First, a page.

Advancing Indigenous perspectives to address climate vulnerability in the Southwest: research training for and by diverse communities
Research projects will focus on integrating ecological, evolutionary, and cultural perspectives to predict and mitigate catastrophic ecosystem transitions. Specifically, the research will address these questions: 1. How does past evolution of tolerance in key foundation species predict limits to their species distributions? 2. How do species interactions constrain the boundaries of species and ecosystems? 3. How does the stability of ecosystem functions depend on community-level responses to climate change? Working from physiological to landscape scales across woodland, rangeland, riparian, and agricultural systems will allow fellows to develop a wide range of skills. Skill development will include field and laboratory experimentation, experimental plantings, biodiversity assessment, population modeling, next generation sequencing, chemical and isotopic analyses, geographic information systems, and remote sensing. Integrated training and development activities for both fellows and mentors will include (1) ecological, evolutionary, and cultural components of climate adaptation, (2) interdisciplinary and quantitative approaches for testing hypotheses from population to landscape ecology, (3) responsible and safe conduct of research, and (4) cross-cultural communication, collaboration, and leadership skills. Recruitment of fellows will be through Tribal Colleges and Hispanic-serving institutions in the southwestern US and use local and national networks serving populations historically underrepresented in biology and natural resources careers. Support and training will be tailored to the background and goals of individual fellows to ensure they are competitive for the next step in their career whether that is entering the environmental biology workforce or continuing to graduate school.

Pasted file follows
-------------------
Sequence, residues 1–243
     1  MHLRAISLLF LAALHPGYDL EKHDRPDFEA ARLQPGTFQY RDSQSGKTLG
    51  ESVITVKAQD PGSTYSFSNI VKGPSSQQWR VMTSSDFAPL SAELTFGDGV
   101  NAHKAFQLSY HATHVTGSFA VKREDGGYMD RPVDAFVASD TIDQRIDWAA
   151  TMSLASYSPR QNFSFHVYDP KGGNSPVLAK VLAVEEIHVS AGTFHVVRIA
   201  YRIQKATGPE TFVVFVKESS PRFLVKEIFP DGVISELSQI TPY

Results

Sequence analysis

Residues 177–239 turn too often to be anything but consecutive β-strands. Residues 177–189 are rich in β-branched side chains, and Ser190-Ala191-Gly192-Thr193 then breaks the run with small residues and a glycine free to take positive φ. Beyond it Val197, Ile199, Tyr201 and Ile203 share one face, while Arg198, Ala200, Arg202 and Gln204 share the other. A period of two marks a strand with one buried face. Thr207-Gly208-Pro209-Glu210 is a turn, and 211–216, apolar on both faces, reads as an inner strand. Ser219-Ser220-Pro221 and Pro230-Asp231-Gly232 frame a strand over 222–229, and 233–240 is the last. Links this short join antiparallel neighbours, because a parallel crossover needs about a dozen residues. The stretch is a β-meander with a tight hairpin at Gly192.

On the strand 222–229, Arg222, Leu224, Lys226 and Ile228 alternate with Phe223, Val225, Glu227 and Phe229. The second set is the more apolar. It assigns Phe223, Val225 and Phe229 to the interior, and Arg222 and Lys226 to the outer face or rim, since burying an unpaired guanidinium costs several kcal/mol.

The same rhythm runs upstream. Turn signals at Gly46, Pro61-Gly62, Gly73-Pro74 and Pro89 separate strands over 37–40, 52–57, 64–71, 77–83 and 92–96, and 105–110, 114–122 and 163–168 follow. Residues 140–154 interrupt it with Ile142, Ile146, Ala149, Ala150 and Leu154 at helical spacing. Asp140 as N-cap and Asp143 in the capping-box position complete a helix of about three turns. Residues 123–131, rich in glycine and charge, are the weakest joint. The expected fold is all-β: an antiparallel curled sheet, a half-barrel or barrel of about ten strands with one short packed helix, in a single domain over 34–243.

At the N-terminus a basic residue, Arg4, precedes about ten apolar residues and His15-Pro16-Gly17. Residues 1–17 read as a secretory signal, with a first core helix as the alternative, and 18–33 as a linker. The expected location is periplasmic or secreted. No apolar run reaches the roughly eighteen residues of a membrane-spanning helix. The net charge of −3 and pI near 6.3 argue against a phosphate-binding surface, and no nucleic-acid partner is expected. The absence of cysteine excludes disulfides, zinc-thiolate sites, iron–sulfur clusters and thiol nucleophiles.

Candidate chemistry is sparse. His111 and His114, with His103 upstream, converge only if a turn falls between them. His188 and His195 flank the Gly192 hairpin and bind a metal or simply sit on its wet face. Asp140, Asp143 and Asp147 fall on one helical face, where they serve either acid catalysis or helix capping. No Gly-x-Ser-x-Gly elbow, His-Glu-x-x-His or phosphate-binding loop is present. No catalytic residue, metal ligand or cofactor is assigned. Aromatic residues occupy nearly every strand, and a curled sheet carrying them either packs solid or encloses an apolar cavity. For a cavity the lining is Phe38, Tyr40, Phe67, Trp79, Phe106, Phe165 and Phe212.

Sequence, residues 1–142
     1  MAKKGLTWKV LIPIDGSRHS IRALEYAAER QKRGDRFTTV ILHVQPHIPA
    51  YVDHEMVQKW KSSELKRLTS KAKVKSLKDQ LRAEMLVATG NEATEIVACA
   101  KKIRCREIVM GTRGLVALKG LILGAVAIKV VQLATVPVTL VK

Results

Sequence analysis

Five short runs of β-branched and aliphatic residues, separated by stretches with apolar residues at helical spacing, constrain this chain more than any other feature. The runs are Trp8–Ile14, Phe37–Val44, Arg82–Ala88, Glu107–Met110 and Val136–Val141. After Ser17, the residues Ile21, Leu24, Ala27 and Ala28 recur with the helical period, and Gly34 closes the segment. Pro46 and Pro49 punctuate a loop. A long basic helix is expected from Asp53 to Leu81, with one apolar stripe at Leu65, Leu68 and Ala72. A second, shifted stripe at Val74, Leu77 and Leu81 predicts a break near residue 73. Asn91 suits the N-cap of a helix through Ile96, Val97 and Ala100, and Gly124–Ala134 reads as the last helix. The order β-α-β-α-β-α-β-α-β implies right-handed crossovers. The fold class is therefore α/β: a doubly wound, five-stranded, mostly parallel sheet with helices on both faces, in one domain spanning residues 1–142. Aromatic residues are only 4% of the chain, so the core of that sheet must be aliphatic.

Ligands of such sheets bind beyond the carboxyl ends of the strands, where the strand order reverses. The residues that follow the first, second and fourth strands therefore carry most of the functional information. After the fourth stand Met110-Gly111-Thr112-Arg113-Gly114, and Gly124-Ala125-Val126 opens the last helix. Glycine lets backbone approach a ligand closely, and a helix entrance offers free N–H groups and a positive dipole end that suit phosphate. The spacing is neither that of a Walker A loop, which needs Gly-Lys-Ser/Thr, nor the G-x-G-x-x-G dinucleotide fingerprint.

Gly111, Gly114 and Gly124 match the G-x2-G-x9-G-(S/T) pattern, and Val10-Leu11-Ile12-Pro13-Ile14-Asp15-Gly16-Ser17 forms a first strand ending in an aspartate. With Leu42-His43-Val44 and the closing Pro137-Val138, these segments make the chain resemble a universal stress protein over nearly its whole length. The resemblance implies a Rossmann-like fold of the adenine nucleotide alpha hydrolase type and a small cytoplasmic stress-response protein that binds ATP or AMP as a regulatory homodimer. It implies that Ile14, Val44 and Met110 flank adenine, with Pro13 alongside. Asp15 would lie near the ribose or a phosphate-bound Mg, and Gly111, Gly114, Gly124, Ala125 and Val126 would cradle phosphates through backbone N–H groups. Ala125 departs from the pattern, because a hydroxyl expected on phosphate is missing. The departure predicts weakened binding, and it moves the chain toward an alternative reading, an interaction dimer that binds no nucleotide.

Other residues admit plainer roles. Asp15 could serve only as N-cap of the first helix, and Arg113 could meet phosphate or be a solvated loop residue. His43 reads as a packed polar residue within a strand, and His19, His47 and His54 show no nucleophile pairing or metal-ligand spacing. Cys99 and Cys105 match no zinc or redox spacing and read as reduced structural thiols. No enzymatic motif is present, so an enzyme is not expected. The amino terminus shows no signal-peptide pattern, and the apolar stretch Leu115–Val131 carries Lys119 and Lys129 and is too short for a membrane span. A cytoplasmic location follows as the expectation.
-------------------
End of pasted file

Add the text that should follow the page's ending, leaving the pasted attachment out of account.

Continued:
Co-funding for this award is being provided by Navigating the New Arctic (NNA) program one of NSF's 10 Big Ideas. NNA supports projects that address convergence scientific challenges in the rapidly changing Arctic, empower new research partnerships, diversify the next generation of Arctic researchers, enhance efforts in formal and informal education, and integrate the co-production of knowledge where appropriate. This award aligns with those goals.
This award reflects NSF's statutory mission and has been deemed worthy of support through evaluation using the Foundation's intellectual merit and broader impacts review criteria.